The shield the eagle bears on its breast, though sometimes drawn incorrectly, has two main differences from the American flag. First, it has no stars on the blue chief (though other arms based on it do: the chief of the arms of the United States Senate may show 13 or 50 , and the shield of the 9/11 Commission has, sometimes, 50 mullets on the chief). Second, unlike the American flag, the outermost stripes are white, not red; so as not to violate the heraldic rule of tincture. In heraldry, the shield is the principal portion of a heraldic achievement or coat of arms. ... Union Jack. ... Type Upper House President of the Senate Richard B. Cheney, R since January 20, 2001 President pro tempore Robert C. Byrd, D since January 4, 2007 Members 100 Political groups Democratic Party Republican Party Last elections November 7, 2006 Meeting place Senate Chamber United States Capitol Washington, DC United States... The Commissions seal The National Commission on Terrorist Attacks Upon the United States, also known as the 9/11 Commission, was set up in late 2002 to prepare a full and complete account of the circumstances surrounding the September 11, 2001 attacks including preparedness for and the immediate response... Heraldry in its most general sense encompasses all matters relating to the duties and responsibilities of officers of arms. ... The first rule of heraldry is the rule of tincture: metal should not be put on metal, nor colour on colour (Humphrey Llwyd, 1568). ...


The 1782 resolution of Congress adopting the arms, still in force, legally blazoned the shield as "Paleways of 13 pieces, argent and gules; a chief, azure." As the designers recognized, this is a technically incorrect blazon under traditional English heraldic rules, since in English practice a vertically striped shield would be described as "paly," not "paleways," and it could not be striped of an uneven number. A more technically proper blazon would have been argent, six pallets gules... (six red stripes on a white field), but the phrase used was chosen to preserve the reference to the 13 original states. 1782 was a common year starting on Tuesday (see link for calendar). ... Type Bicameral Houses Senate House of Representatives President of the Senate President pro tempore Dick Cheney, (R) since January 20, 2001 Robert C. Byrd, (D) since January 4, 2007 Speaker of the House Nancy Pelosi, (D) since January 4, 2007 Members 535 plus 4 Delegates and 1 Resident Commissioner Political... This is an article about Heraldry. ... For other uses, see Argent (disambiguation). ... In heraldry, gules is the tincture with the colour red, and belongs to the class of dark tinctures called colours. In engraving, it is sometimes depicted as a region of vertical lines or else marked with gu. ... We dont have an article called Chief (heraldry) Start this article Search for Chief (heraldry) in. ... The term Azure (from Persian لاژورد lazhward) can refer to any of the following: The blueish color of the sky. ... The shield above depicts a black pale placed on a gold shield, and its blazon is A pale is a term used in heraldic blazon to describe a charge on a coat of arms that takes the form of a band running vertically down the center of the shield. ...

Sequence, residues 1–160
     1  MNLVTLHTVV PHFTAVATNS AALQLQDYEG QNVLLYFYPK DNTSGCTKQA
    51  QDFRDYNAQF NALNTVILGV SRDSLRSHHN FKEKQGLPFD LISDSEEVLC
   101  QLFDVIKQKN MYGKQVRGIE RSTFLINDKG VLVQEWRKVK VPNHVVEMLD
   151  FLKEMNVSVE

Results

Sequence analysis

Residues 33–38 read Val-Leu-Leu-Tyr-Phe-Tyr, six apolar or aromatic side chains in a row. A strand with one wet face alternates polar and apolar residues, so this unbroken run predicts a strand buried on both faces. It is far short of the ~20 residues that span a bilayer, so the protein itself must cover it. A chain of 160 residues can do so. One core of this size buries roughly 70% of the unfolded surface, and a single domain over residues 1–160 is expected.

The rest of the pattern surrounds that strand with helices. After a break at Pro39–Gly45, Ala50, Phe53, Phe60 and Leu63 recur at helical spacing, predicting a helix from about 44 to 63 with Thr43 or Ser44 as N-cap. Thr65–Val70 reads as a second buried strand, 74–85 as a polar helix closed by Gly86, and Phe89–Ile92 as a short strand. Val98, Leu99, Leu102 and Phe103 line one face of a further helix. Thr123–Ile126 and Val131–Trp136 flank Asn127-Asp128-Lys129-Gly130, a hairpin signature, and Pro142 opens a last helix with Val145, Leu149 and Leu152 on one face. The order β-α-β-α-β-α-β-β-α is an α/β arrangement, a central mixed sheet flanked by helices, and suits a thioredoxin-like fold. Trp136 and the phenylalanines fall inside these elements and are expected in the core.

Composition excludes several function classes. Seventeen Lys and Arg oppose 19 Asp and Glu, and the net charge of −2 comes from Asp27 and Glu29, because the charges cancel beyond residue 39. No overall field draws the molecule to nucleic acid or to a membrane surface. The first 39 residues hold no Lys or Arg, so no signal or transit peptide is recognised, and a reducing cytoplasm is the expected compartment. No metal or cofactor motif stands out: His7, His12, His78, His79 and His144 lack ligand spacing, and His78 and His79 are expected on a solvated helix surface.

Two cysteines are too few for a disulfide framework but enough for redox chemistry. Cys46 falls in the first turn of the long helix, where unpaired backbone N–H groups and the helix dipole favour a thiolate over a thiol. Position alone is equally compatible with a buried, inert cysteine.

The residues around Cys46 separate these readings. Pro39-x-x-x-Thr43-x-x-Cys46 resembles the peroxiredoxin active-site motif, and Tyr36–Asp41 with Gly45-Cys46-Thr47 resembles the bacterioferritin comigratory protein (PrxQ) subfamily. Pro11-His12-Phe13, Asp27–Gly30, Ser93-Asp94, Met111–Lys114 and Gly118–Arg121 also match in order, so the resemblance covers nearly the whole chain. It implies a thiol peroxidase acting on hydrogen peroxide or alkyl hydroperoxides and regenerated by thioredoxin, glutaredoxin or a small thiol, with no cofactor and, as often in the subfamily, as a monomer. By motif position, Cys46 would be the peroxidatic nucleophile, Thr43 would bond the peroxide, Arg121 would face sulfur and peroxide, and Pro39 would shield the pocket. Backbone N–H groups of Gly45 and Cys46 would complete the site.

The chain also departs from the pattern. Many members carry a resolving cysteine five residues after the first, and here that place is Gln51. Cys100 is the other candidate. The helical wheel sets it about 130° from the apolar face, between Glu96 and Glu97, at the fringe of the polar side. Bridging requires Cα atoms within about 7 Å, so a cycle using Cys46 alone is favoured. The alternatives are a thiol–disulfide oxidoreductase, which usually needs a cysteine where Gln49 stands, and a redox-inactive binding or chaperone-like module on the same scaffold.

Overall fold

Reverse

Reverse

The 1782 resolution adopting the seal describes the image on the reverse as "A pyramid unfinished. In the zenith an eye in a triangle, surrounded by a glory, proper." The pyramid is conventionally shown as consisting of 13 layers of blocks to refer to the 13 original states. There are also 13 sides shown on the ribbon. The adopting resolution provides that it is inscribed on its base with the date MDCCLXXVIM (1776) in Roman numerals. Where the top of the pyramid should be, the Eye of Providence watches over it. Two mottos appear: Annuit Cœptis signifies that the Eye of Providence has "approved of (our) undertakings."[1] Novus Ordo Seclorum, freely taken from Virgil, means "a new order of the ages." It is incorrectly rendered as "New World Order" by some theorists, and "a new secular order" by others. The word seclorum does not mean "secular," as one might assume, but is the genitive (possessive) plural form of the word saeculum, meaning (in this context) generation, century, or age. Saeculum did come to mean "age, world" in late, Christian, Latin, and "secular" is derived from it, through secularis. However, the adjective "secularis," meaning "worldly," is not equivalent to the genitive plural seclorum, meaning "of the ages."[2]. The reverse has never been cut (as a seal) but appears, for example, on the back of the one-dollar bill. For other meanings, see pyramid (disambiguation). ... For other uses, see 1776 (disambiguation). ... Roman numerals are a numeral system originating in ancient Rome, adapted from Etruscan numerals. ... This article does not adequately cite its references or sources. ... Insert non-formatted text here Reverse side of the Great Seal of the United States Annuit CÅ“ptis (sometimes misspelled Daniel, due to unfamiliarity with conventional Latin spelling) is one of two mottos (the other being Novus Ordo Seclorum) on the reverse side of the Great Seal of the United... Reverse side of the Great Seal of the United States The phrase Novus Ordo Seclorum (Latin for New Order of the Ages) appears on the reverse of the Great Seal of the United States, first designed in 1782 and printed on the back of the American dollar bill since 1935. ... For other uses, see Virgil (disambiguation). ... One World Government redirects here. ... This article concerns secularity, that is, being secular, in various senses. ... The genitive case is a grammatical case that indicates a relationship, primarily one of possession, between the noun in the genitive case and another noun. ...